How much warning will your current security system give in the event of an emergency? If you have an older fire alarm system that isn't connected to emergency services, contacting 911 or your local emergency dispatch is completely up to you getting to a phone in time. If you don't have a security and fire system installed, you may be in a great position to install a great system from the ground up. Here are a few ways to modernize your fire safety and security alarm situation, either from a fresh installation or an upgrade.
The best fire and security system is installed after a comprehensive survey. It's easier to perform a survey with no previous systems installed and no infrastructure changes because there will be less incentive to rely on previous surveys.
If you're still paying for a previous system, it's not difficult to change your service responsibility to another provider. It's still a good idea to allow a security team to perform a new survey and site inspection—if not for a second opinion, then just to make sure that the new installation fits your property as closely as possible.
When planning a first-time installation, multiple areas of the home will be considered for sensors. For fire safety, your fire alarm sensors will be placed in common fire risk areas such as the kitchen, garage, bedrooms, and any workspaces where fire or electrical hazards could be a daily risk. The number of sensors can be increased to fit every area with electrical risk, and can be adjusted to be less sensitive to smoke or vapor for smokers and vaporizer users.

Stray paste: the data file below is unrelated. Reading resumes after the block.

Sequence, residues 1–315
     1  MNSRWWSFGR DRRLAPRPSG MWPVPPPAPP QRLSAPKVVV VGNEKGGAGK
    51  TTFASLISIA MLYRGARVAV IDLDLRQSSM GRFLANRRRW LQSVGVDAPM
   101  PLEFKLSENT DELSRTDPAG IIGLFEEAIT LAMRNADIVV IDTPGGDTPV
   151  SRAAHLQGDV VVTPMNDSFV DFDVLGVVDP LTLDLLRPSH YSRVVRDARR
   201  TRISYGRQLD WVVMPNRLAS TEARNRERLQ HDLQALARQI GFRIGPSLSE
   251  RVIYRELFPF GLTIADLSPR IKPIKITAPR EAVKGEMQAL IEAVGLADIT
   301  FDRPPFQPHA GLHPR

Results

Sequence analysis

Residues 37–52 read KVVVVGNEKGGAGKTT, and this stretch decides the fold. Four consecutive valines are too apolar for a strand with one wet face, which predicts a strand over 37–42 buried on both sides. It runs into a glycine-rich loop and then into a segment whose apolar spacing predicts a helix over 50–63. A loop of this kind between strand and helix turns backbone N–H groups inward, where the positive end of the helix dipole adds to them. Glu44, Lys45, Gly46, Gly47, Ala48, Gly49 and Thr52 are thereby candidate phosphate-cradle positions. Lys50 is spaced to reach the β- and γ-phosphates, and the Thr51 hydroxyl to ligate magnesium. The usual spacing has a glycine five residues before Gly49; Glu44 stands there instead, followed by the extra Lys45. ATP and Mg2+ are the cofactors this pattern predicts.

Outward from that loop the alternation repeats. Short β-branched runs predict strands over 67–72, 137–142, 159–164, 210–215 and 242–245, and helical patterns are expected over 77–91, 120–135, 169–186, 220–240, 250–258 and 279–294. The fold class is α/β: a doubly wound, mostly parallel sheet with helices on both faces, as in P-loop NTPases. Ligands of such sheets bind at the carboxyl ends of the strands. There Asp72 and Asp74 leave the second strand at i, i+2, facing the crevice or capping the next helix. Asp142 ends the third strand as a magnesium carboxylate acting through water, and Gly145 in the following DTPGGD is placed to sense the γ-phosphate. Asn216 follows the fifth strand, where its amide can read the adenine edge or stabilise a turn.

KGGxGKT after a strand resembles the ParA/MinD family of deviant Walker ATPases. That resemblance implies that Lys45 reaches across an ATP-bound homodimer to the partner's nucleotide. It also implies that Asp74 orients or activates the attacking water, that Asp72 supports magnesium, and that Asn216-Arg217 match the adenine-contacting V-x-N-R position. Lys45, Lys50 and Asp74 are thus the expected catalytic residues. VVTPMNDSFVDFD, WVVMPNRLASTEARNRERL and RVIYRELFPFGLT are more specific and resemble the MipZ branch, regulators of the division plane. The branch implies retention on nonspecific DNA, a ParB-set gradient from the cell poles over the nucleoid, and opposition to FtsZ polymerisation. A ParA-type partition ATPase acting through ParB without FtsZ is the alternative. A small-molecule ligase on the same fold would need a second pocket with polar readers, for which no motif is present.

All of these sensors—including motion sensors attached to doors and windows—can be connected to an external alert system. These external alerts can contact emergency services such as 911, private security firms such as home security dispatch, and/or send alerts to your email and mobile devices.
In addition to fire safety and motion sensors, you can install a camera system that can record with different settings.
The most cost-effective surveillance system will turn on relevant cameras when motion is detected. This is a tripwire system of sorts, allowing cameras to activate if an intruder comes too close to a sensor.
A more comprehensive option involves cameras that are always on and always recording. Although energy conservation is an issue, most modern camera systems are power-intensive; the bigger cost is making sure that your surveillance system has a big enough video storage to support 24/hour recording. Even when overwriting old video, you have to worry about wear and tear of the storage system.
Contact a fire alarm services and security systems professional to discuss other security options.